Kids these days, am I right? If they aren’t playing video games for countless hours or taking endless selfies, they’re making an 85-year-old Supreme Court justice the center of a wildly popular meme. That last one might not quite fit the stereotype, but it’s nevertheless true. Back in 2013, an NYU law student named Shana Knizhnik created a Tumblr page that celebrated Justice Ruth Bader Ginsburg as the Notorious R.B.G. It’s a play on the name of classic hip-hop artist The Notorious B.I.G., and the meme transformed Ginsburg into a gangsta-style bad-ass on a tireless quest for justice and social equality.
Filmmakers Julie Cohen and Betsy West used the meme as an entry point for RBG, their documentary that covers the life of the towering – at least in terms of her professional achievements, if not her physical stature – Ginsburg.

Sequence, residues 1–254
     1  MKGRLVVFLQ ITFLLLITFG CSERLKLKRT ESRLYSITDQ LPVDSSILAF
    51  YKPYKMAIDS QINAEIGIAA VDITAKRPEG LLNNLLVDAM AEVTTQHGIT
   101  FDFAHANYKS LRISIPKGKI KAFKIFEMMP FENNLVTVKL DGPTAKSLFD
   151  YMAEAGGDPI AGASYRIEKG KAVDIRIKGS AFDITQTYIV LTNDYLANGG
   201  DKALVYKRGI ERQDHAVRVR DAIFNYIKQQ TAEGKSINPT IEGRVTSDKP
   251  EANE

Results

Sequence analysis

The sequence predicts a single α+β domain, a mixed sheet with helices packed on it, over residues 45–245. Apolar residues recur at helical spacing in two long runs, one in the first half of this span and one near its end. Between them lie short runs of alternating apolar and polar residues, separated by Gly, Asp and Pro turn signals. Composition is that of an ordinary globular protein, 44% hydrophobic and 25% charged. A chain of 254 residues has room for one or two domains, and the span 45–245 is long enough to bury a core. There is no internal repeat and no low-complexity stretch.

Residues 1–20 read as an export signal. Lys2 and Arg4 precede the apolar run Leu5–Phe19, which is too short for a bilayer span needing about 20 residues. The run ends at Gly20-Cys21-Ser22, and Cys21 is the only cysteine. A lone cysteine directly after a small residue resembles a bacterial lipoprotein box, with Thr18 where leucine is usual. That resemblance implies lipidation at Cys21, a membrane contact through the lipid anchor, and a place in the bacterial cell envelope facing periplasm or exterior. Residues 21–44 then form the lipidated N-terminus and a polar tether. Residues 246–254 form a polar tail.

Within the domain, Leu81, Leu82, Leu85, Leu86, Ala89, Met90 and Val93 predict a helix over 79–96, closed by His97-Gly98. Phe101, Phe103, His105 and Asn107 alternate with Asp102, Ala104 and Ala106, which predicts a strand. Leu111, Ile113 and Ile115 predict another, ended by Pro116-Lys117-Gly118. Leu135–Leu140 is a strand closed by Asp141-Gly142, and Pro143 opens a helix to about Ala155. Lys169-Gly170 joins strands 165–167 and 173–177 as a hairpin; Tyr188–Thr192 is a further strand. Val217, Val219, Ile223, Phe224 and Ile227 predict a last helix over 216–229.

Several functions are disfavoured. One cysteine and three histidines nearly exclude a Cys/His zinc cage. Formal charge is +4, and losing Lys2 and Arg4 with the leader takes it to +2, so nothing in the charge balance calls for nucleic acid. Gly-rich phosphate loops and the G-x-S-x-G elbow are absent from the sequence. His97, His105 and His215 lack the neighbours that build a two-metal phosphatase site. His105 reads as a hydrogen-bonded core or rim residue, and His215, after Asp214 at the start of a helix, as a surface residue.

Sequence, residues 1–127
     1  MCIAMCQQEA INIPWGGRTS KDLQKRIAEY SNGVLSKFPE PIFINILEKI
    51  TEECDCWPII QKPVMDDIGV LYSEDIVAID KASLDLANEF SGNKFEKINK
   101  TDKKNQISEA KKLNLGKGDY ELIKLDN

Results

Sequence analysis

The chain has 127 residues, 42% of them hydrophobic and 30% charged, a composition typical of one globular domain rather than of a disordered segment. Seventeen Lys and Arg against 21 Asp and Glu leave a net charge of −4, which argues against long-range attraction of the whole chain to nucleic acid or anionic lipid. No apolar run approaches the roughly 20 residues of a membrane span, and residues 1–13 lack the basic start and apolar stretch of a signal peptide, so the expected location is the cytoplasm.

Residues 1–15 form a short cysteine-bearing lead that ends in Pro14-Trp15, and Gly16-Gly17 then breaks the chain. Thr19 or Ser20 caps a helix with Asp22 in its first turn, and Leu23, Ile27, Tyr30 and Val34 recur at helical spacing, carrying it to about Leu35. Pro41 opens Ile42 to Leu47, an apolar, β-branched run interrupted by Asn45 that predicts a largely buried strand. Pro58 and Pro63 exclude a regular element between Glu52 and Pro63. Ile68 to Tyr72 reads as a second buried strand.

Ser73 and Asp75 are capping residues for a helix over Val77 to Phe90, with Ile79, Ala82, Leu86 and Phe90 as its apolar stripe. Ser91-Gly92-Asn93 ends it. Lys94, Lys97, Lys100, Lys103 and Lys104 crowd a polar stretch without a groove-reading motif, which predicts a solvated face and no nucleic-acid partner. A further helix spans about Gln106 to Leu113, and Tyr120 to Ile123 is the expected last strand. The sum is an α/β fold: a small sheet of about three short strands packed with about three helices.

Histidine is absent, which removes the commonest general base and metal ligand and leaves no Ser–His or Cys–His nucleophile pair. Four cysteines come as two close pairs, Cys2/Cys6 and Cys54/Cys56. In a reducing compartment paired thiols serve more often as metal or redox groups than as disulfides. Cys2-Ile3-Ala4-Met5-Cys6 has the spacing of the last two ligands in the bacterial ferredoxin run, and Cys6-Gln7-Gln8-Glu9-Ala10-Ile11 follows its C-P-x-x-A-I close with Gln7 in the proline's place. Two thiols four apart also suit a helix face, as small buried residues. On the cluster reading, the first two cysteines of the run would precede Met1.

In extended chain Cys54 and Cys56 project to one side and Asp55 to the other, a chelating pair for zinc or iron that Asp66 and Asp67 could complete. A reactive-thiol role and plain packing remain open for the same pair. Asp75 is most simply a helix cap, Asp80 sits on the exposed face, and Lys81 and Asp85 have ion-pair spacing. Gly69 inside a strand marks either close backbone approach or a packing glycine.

Ten years ago, Marvel Studios launched its “cinematic universe,” using crossovers and tie-ins to connect every property under its umbrella. The strategy has shaken the entire entertainment industry. Any extended universe of characters – from rival DC’s effort at playing catch-up, to Universal Studios’ so far disastrous “Dark Universe” – is a naked attempt at copying Marvel’s lucrative success. To celebrate their decade of dominance, Marvel changed the “i” and “o” in the word “studios” to the number 10 in the Marvel logo at the beginning of Avengers: Infinity War, the 19th feature film release in the MCU.
It’s become harder and harder to think about each of these movies on its own merits, because Marvel’s apparent plan is to work its audiences into a constant frenzy of anticipation for what’s coming next.